Click here to learn more about all of our High Pressure Fire Service shows.

 

HPFS Splash: Gritty Edition

Posted April 9th, 2019

Continuing our HPFS Splash blog series, we’ll be taking the tops off the metaphorical fire hydrants* and spilling out the information you want to know from our High Pressure Fire Service (HPFS) artists about their HPFS shows, local inspirations, and living in Philly.

Today’s big question: What are your thoughts on Gritty?

“He’s ugly and he’s orange.  Someone said he looks like Elmo on speed.”
–Erin McNulty, A Fierce Kind of Love

hpfs splash

Photo by Kyle Ross

“He’s Philly AF of course and we love him dearly. I think it would be amazing if he helped lead some trash clean up campaign in the city. I think we can be gritty but not grimy, no? I would still have my angry edge if my city were cleaner and I think he would too.”
–Jess Conda, A Hard Time

“Crazy eyes, mad pride, pure mischief. Feels like a good representative of Philly.”
–Alex Torra, The Sincerity Project #3 (2019)

“He’s cute. Like, I would love to kiss him on his face.”
–Camae Ayewa, Circuit City

“After the initial shock, I’ve come to love him. I even put Gritty in Cinderella, the holiday panto I directed at People’s Light.”
–David Bradley, A Fierce Kind of Love

“He’s kinda cool. There’s more to come.”
–Michael McClendon, A Fierce Kind of Love

“We all know who’s under that mask…Geoff Soebelle.”
–The Berserker Residents, Broccoli, Roosevelt and Mr. House!

“Unpopular opinion, I have no opinion on Gritty.”
–Alice Yorke, The Appointment

Read last week’s HPFS Splash: Philly Favorites, Bonus Edition, and stay tuned for next week’s splash!

hpfs splash*High Pressure Fire Service (HPFS) takes its name from FringeArts’ historic building, the first high pressure pump house in the country. Opened in 1903, the station pumped water from the Delaware River to fire hydrants across Philadelphia, connecting the city and helping it grow and thrive. This history of creativity and connectivity is at the very heart of the High Pressure Fire Service festival. You can see the old HPFS fire hydrants across the city between the Delaware and the Schuylkill Rivers and between South Street to Girard Avenue. You may even see them of them sporting a fancy new HPFS sticker. Tag us on Instagram @fringearts if you see one!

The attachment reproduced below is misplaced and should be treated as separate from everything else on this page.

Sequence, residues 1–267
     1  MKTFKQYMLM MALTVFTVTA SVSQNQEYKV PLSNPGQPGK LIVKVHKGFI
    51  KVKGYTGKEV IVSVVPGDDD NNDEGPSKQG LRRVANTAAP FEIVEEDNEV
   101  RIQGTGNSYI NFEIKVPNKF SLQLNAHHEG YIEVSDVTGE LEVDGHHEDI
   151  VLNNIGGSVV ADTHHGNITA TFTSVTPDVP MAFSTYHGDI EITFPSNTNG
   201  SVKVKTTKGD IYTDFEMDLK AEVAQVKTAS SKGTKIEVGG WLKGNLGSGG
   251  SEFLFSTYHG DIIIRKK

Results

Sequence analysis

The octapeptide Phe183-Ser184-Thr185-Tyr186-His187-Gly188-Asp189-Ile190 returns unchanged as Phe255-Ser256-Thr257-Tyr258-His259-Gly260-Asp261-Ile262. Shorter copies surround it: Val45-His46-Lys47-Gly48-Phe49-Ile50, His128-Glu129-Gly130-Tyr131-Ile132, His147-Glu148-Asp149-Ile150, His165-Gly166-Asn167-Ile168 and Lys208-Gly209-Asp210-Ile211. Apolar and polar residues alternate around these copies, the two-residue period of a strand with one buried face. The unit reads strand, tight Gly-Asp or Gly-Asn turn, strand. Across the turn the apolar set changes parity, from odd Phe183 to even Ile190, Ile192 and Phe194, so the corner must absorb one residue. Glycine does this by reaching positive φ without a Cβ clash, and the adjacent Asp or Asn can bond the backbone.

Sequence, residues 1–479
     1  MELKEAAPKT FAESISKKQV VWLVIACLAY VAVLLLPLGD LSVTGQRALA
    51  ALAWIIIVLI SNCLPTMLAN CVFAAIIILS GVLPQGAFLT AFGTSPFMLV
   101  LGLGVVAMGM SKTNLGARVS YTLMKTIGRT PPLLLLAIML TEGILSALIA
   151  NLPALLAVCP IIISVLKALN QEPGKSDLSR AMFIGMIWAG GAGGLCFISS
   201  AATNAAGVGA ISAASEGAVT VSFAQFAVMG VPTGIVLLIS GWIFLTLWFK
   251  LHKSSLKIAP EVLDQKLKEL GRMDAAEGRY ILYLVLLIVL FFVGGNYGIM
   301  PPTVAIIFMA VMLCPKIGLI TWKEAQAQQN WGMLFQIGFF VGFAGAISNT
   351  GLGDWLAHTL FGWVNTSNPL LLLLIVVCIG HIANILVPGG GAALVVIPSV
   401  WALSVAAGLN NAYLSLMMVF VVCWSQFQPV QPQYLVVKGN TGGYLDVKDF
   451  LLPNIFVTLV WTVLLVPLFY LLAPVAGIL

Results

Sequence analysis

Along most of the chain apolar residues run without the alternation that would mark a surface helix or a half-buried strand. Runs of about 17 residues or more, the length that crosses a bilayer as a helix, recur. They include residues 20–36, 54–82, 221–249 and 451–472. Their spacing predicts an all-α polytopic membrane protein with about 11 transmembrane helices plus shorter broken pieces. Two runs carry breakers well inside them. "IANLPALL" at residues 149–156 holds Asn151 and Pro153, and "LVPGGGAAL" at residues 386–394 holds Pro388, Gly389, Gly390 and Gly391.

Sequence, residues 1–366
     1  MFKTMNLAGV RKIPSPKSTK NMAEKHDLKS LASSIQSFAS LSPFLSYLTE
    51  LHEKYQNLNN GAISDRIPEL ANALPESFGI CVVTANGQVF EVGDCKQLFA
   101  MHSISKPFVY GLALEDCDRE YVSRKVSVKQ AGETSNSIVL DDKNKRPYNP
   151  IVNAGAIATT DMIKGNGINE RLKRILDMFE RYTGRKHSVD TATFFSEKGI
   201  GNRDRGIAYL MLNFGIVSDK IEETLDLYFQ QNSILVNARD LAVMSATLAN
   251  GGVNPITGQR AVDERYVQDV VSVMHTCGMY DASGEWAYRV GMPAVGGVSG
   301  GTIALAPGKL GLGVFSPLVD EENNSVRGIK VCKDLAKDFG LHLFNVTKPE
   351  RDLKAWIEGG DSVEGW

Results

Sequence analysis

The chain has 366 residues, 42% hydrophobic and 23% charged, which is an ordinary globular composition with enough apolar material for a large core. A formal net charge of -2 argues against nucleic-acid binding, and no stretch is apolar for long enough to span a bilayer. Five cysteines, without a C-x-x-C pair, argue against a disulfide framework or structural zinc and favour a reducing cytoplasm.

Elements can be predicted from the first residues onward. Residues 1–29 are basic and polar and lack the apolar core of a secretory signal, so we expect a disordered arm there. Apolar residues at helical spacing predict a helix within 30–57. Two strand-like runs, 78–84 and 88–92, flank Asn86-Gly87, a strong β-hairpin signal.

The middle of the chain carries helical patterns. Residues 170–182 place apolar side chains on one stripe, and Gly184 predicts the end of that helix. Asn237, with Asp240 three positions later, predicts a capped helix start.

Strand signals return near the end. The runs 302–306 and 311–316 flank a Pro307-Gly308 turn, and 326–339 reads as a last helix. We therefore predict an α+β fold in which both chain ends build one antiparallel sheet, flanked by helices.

Click here to learn more about all of our High Pressure Fire Service shows.

 

HPFS Splash: Philadelphia Favorites, Bonus Edition

Posted April 4th, 2019

Continuing our HPFS Splash series, we’ll be taking the tops off the metaphorical fire hydrants* and spilling out the information you want to know from our High Pressure Fire Service (HPFS) artists about their HPFS shows, local inspirations, and living in Philly.

Today’s big question: What’s your favorite Philly…?

Park

“Parallel and Jurassic”
–The Berserker Residents, Broccoli, Roosevelt and Mr. House!

hpfs splash

Shakespeare in Clark Park, Photo by Kyle Cassidy

“Clark Park, West Philly (I’ve done 6 seasons of Shakespeare in Clark Park, which is an incredible summer pleasure of mine)”
–Jess Conda, A Hard Time

Not exactly a park, but I love the Navy Yard.
–Alex Torra, The Sincerity Project #3 (2019)

Fairmount Park
–Camae Ayewa, Circuit City & Cathy Simpson, A Fierce Kind of Love

“LOVE Park”
–Erin McNulty, A Fierce Kind of Love

Place to Get Coffee

Starbucks at the National Constitution Center

“The Starbucks at the National Constitution Center”
–The Berserker Residents, Broccoli, Roosevelt and Mr. House!

“Cafe Ole, Old City”
–Jess Conda, A Hard Time

“It used to be Elixir but then they replaced their almond milk with oat milk.”
–Camae Ayewa, Circuit City

“ANYWHERE”
–Alex Torra, The Sincerity Project #3 (2019)

Song

“TubThumping by Chumbawamba”
–The Berserker Residents, Broccoli, Roosevelt and Mr. House!

“‘When You’ve Been Blessed’ – Patti LaBelle”
–Camae Ayewa, Circuit City

“Um, Bruce Springsteen ‘Atlantic City’ I guess?”